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RECAP: Bruins beat Senators 5-1, run win streak to 5 games

Performances by ‘youth movement’ drove success in this game.

NHL: Ottawa Senators at Boston Bruins
Danton Heinen made several strong plays in this game.
Greg M. Cooper-USA TODAY Sports

WOW, what an entertaining game this turned out to be. You could be tempted to call this a rout by the Bruins - and, in some ways, it was, such as on the scoreboard - but it wasn’t simply a hot-vs-not lopsided win. Boston played well - especially their depth - and exploited a few Senators weaknesses in the process.

Let’s get started.

First Period

Danton Heinen struggled to get the puck out of the defensive zone on his first shift, and it may have been his only down shift of the night. Ottawa managed to slide a puck through the crease - in the wrong direction. Charlie McAvoy got away with a high-stick while checking an Ottawa player. Life went on.

Kevan Miller netted his first goal of the year, one-timing an atrocious rebound off a tough-angle shot by David Backes. 1-0, Bruins!

Zone-time advantage for the B’s began leading to more and more shot attempts, as they were clearly taking the ‘shoot early, shoot often’ approach. Their transition game made quick work of flipping turnovers back in their favor, and off one of these, Matt Grzelcyk found Ryan Spooner on the cross-ice neutral zone pass, who then froze Fredrik Claesson, accelerated, and from below the goal line laid a beautiful drop-pass to Danton Heinen as he crashed the crease. 2-0, Bruins!

Matt Duchene got a bit irritated and took a slashing penalty; there was almost too much puck cycling by Boston’s PP unit at first, though they did manage five shot attempts.

A nasty hit by Claesson sent Noel Acciari to the dressing room. One would hope that he also went through concussion protocol and cleared, as that is not a gentle hit. Tim Schaller challenged and earned a ‘win’, along with a 2-minute instigator, a 5-for-fighting, and a 10-minute misconduct for Schaller, while Claesson earned 5 minutes for the hit to Acciari’s head, 5 for fighting and a 10-minute game misconduct, resulting in his ejection. Play resumed at 4-on-4 for two minutes, and the 3-minute power play for the Bruins that followed would take us to the intermission without much fanfare, other than Heinen ringing the crossbar.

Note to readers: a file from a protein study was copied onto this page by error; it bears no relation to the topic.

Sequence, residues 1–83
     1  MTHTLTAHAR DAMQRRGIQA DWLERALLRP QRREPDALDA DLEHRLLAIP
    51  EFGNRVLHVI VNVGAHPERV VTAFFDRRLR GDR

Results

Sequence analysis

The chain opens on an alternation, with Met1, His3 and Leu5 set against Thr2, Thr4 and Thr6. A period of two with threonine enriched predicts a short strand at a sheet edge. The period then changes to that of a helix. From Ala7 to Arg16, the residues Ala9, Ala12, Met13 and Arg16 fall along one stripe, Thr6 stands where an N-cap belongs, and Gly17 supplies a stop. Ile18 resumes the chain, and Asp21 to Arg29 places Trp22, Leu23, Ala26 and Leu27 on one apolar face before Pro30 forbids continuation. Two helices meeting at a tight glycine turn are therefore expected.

Second Period

An early goal by Riley Nash would appear to tip this game, as he blocked a shot by Erik Karlsson and then beat Karlsson to his own net. THAT RARELY HAPPENS - and Nash knows it, according to himself postgame. 3-0, Bruins!

ABout two minutes later, Thomas Chabot would chip into the B’s lead, one-timing a slow pass past Tuukka. 3-1, B’s still in the lead.

The middle of this period was a series of dumps, chases, and icings. Around the midway point, Boston nearly took advantage of an offensive-zone faceoff but Pasta just barely missed the net. Scoring wizard Kevan laid out Tom Pyatt, a TOTAL surprise. Heinen had an outstanding series of backchecks and made the smart play by dumping it into David Backes’ corner to burn some clock.

Anders Bjork, not wanting to miss out on the fun, picked Dion Phaneuf’s pocket and left a tidy backhand in front of a streaking Nash. RiElite Nash carried the puck to the doorstep, out-waited Anderson, and tucked home a backhand around the goalie’s outstretched pad. 4-1, Bruins!

Patrice Bergeron took a penalty late in the period, and the bruins would kill it off, sending us to the third.

Third Period

If anything could be taken from the first five minutes of this period, it would be that the Bruins’ youth got the backchecking message, as DeBrusk, Bjork, and Kuraly all were able to disrupt otherwise-clean zone entries by Ottawa. Save for one passing sequence around the point, they couldn’t hold the puck in the Bruins’ zone for longer than a few seconds. On the opposite side, the Bruins were content for some stretches by wrapping the puck around the offensive boards to play keep-away, but it was not a placid ‘sit on your heels’ period. If it was anywhere other than in the Bruins’ possession, they hunted it down. Heinen. Spooner. Bjork. Jake DeBrusk, whose name is surprisingly absent on the scoresheet given his play. Everyone had a hand in closing out this game, and how fitting it was that Grzelcyk would set up the nail for Backes. 5-1, Bruins, with under two minutes to play.


  • Tuukka Rask is on form. He may not have seen many shots tonight but Ottawa did make some solid efforts in the third that warranted his undivided attention, and he gave it.
  • Kevan Miller played a solid if not spectacular game. Goal-scoring and his usual sandpaper aside, he has been relatively unnoticed - which is good for your third defensive pair. Tonight in particular, he and Grzelcyk were able to eat into captain Zdeno Chara’s minutes, rest that will help to sustain the team for the rest of the regular season. (McAvoy was not so lucky, and still neared 22 minutes. Krug, Carlo and Grzelcyk each nearly had 20.)
  • Despite missing the scoreboard, the first line were not passengers - and didn’t get the same consideration from the coaching staff on minute-reduction as Chara. They were adept at their intangibles, pushing the puck out of the Bruins zone and generating some chances. Brad Marchand, Patrice Bergeron and David Pastrnak totaled 5 of 23 Bruins shots. That doubles if you include shot attempts that Ottawa blocked.
  • It may be time for coach Bruce Cassidy to try and balance the lineup a bit more evenly as the season rolls along, both for the young players’ experience and the veterans’ rest. It’ll depend on the opponent for sure, but it has been paying off on the ice lately.

Short turnaround, as Boston hops to Washington to face the much tougher Capitals tonight at 7:30pm. Stick around with Stanley Cup of Chowder as we keep tabs on the action.